New York City Mayor Bill de Blasio: America 'Is Not Working For Working People'

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Democratic presidential candidate and New York City Mayor Bill de Blasio speaks during a forum on gun safety at the Iowa Events Center on August 10, 2019 in Des Moines, Iowa. (Stephen Maturen/Getty Images)
Democratic presidential candidate and New York City Mayor Bill de Blasio speaks during a forum on gun safety at the Iowa Events Center on August 10, 2019 in Des Moines, Iowa. (Stephen Maturen/Getty Images)

Lower tier presidential candidates are facing a tough climb to qualify for the September Democratic debate.

Among them is New York City Mayor Bill de Blasio.

De Blasio is billed as a progressive who supports “Medicare for All,” but so are frontrunners Elizabeth Warren and Bernie Sanders. He says he’s also proud of his mixed race family, however, there are candidates of color running for the nomination.

So why is he running for president? De Blasio says he is campaigning for the Democratic presidential nomination on his record of decreasing inequality in New York City, by instituting free pre-K education for all children and a $15 minimum wage.

“It's about the need to change this country urgently. America right now is not working for working people,” de Blasio says. “These are real life things that are making a huge difference for millions of people. I've been able to do them in a really tough environment and that's why I'm running.”

De Blasio says he will be the one to defeat President Trump because he is “speaking out for working people.

“[Trump] lied to working people, and that’s his Achilles' heel,” de Blasio says.

Interview Highlights 

On how his policies decreased inequality in New York City

“Hundreds of thousands of folks already have been lifted out of poverty because of the things we've done to fight inequality, because of that $15 minimum wage, because of affordable housing programs. Let me tell you rent regulation, rent control — it works. And I'm glad we strengthened the laws. We did a rent freeze for two years in New York City because we had those laws and that helped immensely. We have finally gotten real progress in reducing our shelter population. So if you were to ask a lot of my colleagues in this presidential primary for their version of what they have done, some of them have had an opportunity to run something, but obviously not on this scale, by and large. So I think that's why when voters are looking for proof of who someone is, what they're about, I got a lot to show here that I think could really, really help us change this country.”

On the Eric Garner case and police reform

“We've changed the entire nature of policing in the nation's biggest city. … Literally teaching de-escalation training to every single police officer. Now if you say, 'Well, OK what about what happened here? Why was there a delay?' There was a delay because the United States Department of Justice told us not to act on our own disciplinary hearing. They told us they would take the lead. They failed to do so. But look in the end, the biggest thing here is justice was served and where was it served? Within the NYPD. And that shows progress and reform unto itself. This case now, there was one case in addition to Pantaleo, and that is the end of this whole process because all other statute of limitation issues have run and this is the end of it. But what we have to do going forward is the much more crucial thing just continue to deepen reform here and everywhere, and it can be done.”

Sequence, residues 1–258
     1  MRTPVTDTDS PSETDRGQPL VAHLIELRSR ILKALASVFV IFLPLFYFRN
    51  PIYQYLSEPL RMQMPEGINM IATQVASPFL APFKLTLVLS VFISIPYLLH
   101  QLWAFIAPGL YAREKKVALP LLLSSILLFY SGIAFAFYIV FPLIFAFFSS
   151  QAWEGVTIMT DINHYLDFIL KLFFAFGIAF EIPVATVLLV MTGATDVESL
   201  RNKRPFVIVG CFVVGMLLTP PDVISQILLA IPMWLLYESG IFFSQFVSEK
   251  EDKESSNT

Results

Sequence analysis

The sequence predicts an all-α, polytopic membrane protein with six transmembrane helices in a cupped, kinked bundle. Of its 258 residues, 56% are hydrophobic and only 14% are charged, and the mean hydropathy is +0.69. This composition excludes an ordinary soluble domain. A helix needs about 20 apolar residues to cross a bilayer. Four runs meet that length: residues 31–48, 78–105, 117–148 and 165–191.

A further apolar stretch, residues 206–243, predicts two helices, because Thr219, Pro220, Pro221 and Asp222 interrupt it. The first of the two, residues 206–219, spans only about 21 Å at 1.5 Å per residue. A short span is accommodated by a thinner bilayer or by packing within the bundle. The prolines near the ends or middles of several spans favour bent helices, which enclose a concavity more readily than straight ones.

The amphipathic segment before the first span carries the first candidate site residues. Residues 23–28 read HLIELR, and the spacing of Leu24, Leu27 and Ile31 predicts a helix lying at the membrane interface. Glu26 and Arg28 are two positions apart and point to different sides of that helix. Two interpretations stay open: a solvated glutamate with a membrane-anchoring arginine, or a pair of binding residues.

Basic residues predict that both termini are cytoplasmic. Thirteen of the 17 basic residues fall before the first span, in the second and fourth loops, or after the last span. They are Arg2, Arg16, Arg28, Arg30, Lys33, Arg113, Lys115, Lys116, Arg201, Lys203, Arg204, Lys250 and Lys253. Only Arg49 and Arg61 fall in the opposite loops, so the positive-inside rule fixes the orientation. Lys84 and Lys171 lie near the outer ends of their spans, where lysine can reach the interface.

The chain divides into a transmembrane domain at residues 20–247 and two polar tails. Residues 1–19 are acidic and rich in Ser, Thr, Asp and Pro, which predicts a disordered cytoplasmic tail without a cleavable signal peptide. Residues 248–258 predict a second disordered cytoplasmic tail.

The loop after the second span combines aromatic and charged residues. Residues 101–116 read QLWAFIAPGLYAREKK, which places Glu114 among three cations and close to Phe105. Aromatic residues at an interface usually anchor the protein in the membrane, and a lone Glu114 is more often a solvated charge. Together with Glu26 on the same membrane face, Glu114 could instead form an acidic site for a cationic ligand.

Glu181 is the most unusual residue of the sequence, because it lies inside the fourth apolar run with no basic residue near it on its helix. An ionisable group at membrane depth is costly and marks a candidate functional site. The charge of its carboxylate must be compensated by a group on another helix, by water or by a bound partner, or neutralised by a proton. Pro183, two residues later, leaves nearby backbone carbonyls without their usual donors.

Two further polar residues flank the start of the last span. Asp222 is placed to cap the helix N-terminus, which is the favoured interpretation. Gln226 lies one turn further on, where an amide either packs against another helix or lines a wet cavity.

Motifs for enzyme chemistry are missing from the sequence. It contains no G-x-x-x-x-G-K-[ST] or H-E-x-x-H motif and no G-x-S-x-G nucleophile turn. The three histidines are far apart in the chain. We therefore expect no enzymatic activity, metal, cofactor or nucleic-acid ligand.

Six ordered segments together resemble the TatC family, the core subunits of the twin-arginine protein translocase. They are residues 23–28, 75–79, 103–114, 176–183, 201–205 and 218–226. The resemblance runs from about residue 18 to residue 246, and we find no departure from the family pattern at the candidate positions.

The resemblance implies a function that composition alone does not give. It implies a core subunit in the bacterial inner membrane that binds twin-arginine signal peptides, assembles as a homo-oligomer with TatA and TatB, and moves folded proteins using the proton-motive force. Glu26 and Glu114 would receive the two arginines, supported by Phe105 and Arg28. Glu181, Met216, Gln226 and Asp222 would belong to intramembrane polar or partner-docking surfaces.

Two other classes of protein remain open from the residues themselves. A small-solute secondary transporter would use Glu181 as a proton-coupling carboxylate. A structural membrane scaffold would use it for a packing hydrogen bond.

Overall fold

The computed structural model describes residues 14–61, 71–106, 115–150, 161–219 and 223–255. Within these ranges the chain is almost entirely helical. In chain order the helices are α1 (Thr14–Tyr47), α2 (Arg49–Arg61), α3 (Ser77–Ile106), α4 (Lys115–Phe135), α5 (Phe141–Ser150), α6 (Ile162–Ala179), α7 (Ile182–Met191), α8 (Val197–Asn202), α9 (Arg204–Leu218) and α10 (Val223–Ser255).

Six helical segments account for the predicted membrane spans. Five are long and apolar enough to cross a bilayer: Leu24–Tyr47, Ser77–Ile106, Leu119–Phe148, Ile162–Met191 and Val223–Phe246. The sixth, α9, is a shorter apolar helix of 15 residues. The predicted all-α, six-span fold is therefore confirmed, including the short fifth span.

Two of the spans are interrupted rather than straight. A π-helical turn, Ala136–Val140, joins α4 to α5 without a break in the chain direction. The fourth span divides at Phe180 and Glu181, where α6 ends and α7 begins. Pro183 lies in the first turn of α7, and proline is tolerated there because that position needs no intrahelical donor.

On how to improve mental health care among veterans

“The folks who come back from war come back carrying a lot. In my dad's case, it was PTSD. He had been in one of the worst battles in history on Okinawa and lost half a leg to a grenade. And the emotional toll — I saw it as a young child — it got worse each year. He would push away help and then he was gone. And you know, he might have lived if he could just accept the help, and we've got today in America, we're losing folks who have served us because they still feel like there's something, there's some shame in asking for help. We all have to fix that. The government has to fix it with making mental health care just as accessible as physical health care. But we all have to speak up and say, 'There's a mental health challenge. There is nothing wrong with it. Just come forward and let's get the help people need. It's there.' ”

On the backlash he has faced from New Yorkers

“Well I'm gonna just tell you a different story that I think has some truth. There's a difference between sort of the public discourse and then what people are actually living. I have young people come up to me all the time, young men of color, and say, 'Thank you. I'm not stopped all the time by police.' I have folks come up all the time and say, 'Pre-K's changed my family's life. We never would've gotten early child education for our kid. We couldn't have afforded it.' The dialogue among the folks who like to comment, you know, that's one thing. But if you go to everyday working people in this city, I think you'll find something very very different.”

Jill Ryan produced and edited this interview for broadcast with Tinku Ray. Samantha Raphelson adapted it for the web. 

This segment aired on August 27, 2019.


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